Issued by Mediaservices on behalf of Moyo Business Advisory
Attention: News editors
02 May 2017
With cyber criminals skimming off between R2-billion and R3-billion yearly, hacking in all its forms has become one of the biggest criminal growth enterprises world-wide.
According to the 13th United Nations Congress on Crime Prevention and Criminal Justice held in Qatar in 2015 cybercrime now affects more than 431 million adult victims globally and siphons off more than US$3-trillion a year from the global economy.
Professor SH (Basie) von Solms, Director of the Centre for Cyber Security in the Academy for Computer Science and Software Engineering at the University of Johannesburg, said because cybercrime was not a reportable crime nobody actually knew the exact amount of money that was ripped off.
“Because we do not have compulsory reporting of such incidents (cybercrime), and because so many are swept under the carpet and cannot be included in statistics it may actually be more than the two to three billion rand figure that is commonly quoted.”
“We know that traditional security countermeasures like firewalls and anti-virus programs don’t really do the job anymore. To help the Cybersecurity capacity building efforts in SA, we have introduced a new part-time Certificate course in Cyber security at the University of Johannesburg (www.cybersecurity.org.za) to try and mitigate the desperate shortage of skilled technicians who will be able to attack the cyber problem head-on.”
Von Solms said that small and medium companies were internationally becoming a growing target for cyber criminals and this was also the case in South Africa. That is due to several factors, of which the cost of cyber security protection and the lack of cyber expertise are but two. In 2013 the Government had published a report on the cyber threat to such companies, but very little had been done since to help such small and medium companies to improve their cyber security.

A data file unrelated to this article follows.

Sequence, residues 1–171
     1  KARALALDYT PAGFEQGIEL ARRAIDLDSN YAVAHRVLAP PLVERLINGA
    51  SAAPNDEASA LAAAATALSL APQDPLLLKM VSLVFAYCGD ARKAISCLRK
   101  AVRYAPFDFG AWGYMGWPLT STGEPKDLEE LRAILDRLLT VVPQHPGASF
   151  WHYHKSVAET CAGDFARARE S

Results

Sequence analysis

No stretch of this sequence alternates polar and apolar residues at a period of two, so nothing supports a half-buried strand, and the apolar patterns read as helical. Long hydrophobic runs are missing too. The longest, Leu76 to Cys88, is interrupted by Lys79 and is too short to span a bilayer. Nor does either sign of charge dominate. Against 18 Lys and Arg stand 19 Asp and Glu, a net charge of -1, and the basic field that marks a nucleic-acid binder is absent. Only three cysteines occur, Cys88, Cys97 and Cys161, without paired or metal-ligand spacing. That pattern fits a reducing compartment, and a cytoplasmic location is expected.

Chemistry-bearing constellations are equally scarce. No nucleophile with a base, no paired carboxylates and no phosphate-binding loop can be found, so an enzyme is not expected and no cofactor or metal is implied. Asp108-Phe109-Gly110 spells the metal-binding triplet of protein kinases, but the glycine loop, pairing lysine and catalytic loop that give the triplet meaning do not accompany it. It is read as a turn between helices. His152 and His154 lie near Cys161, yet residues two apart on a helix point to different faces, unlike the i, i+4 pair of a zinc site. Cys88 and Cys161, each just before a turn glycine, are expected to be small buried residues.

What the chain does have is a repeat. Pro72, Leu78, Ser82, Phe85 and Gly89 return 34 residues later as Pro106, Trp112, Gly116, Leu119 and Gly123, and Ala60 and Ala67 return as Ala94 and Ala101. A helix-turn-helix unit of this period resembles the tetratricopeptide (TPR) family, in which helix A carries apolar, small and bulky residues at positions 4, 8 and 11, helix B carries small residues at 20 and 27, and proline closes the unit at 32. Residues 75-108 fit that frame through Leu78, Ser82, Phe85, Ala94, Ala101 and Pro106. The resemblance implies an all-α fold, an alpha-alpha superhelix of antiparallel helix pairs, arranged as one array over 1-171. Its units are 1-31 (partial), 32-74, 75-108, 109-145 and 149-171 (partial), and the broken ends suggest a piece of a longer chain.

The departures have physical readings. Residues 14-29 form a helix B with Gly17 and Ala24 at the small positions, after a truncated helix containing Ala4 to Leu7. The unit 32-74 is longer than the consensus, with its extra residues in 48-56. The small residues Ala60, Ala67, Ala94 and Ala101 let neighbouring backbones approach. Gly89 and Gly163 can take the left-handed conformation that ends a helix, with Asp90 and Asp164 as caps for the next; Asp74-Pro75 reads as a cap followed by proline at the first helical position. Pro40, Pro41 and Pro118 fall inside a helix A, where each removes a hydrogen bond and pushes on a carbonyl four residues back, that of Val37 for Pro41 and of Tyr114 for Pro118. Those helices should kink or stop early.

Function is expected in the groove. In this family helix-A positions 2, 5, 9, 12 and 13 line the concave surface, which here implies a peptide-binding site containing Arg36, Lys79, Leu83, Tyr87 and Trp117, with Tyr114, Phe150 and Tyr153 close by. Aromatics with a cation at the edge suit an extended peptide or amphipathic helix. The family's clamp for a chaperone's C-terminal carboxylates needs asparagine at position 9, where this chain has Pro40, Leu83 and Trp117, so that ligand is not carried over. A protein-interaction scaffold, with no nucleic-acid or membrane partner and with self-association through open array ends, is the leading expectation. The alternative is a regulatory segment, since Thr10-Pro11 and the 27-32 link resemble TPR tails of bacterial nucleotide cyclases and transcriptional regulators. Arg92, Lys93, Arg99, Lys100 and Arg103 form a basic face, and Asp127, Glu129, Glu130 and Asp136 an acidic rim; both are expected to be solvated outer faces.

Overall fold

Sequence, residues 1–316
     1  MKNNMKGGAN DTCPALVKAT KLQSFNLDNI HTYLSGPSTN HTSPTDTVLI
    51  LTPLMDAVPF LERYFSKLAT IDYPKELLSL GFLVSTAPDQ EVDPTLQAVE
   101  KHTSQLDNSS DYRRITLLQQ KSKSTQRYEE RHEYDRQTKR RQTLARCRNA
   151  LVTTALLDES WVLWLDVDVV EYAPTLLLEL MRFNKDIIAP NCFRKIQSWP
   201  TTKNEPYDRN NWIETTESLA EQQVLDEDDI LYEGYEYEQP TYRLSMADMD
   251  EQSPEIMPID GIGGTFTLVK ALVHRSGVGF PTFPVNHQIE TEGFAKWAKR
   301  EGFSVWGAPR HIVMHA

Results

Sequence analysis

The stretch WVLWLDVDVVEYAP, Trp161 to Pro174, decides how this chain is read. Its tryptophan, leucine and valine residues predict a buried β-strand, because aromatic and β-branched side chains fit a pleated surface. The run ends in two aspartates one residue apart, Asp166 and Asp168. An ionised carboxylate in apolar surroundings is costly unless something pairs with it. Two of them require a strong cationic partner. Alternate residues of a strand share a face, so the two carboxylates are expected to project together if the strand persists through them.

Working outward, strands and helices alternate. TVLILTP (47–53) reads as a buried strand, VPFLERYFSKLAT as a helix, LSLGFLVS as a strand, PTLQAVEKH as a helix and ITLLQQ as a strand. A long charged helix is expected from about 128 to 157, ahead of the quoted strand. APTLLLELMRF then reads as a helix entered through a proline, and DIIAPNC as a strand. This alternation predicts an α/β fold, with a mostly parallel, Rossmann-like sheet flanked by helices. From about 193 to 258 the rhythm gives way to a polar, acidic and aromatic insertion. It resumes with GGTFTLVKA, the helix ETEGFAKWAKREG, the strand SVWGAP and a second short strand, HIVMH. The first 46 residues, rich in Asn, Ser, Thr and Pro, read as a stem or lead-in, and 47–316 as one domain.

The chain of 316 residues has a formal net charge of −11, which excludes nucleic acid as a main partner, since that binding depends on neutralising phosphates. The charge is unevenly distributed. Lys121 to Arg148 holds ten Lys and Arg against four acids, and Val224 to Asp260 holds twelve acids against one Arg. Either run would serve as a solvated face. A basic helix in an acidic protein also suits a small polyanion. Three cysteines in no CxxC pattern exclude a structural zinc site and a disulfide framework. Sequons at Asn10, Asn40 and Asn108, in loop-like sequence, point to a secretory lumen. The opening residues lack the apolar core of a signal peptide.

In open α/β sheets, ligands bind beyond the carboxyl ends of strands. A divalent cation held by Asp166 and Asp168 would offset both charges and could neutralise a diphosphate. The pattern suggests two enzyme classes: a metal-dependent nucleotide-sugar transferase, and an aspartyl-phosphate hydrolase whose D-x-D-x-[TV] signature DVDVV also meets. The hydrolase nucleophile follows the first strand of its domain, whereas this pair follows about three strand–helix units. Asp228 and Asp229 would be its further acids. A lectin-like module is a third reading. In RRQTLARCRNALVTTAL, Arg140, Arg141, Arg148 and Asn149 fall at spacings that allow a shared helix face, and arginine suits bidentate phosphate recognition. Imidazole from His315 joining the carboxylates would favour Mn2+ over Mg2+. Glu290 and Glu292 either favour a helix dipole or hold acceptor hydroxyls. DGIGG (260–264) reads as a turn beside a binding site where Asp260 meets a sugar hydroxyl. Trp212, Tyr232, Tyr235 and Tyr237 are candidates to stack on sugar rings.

“I believe that better cyber security defences will bring down corruption and fraud, and will improve service delivery in this country, however, the insider threat is very big, and companies must not only fight the criminals coming from outside, but also those coming from inside.”
Pieter Erasmus, an IT security strategist who works in association with Moyo Business Advisory, said the threat was far bigger than most corporate executives realised.
Responsible for maintaining IT security at a number of banks and at some of the largest-JSE listed companies, his company was dealing with ever increasingly sophisticated attacks.
“We are now dealing with top-tier organised crime syndicates and nation states like China, Russia and North Korea who will go to any length to penetrate systems.”
Erasmus said the biggest problem remained the internal security threat posed by employees who either had an axe to grind, or who wanted to help themselves to company funds.
“The biggest problem remains ignorance and these are the individuals who pose the biggest threat. Through so-called social engineering they can be tricked into disclosing passwords and other valuable information without even realising that they had compromised the company’s integrity.
“When we start working with new clients we often find that even the most basic principles if IT security are being flagrantly ignored such as opening e-mails form unknown senders or clicking hot links on web sites that install malware on computers that give hackers access to the entire network.”
He agreed with Von Solms that there was a desperate shortage of skilled operators who were able to deal with the level of sophistication now being used by black hat hackers.
“We have an in-house mentoring programme for advanced degree students where they get on-the-job training and they will eventually become members of our front-line cyber security defence force.”
Moyo Business Advisory specialises in high-level IT security strategies as well as offering a broad range of services in information technology and business consulting.
Note to subs: For more information please contact Pieter Erasmus on his cell 083 450 7374 or browse http://www.mba.za.com/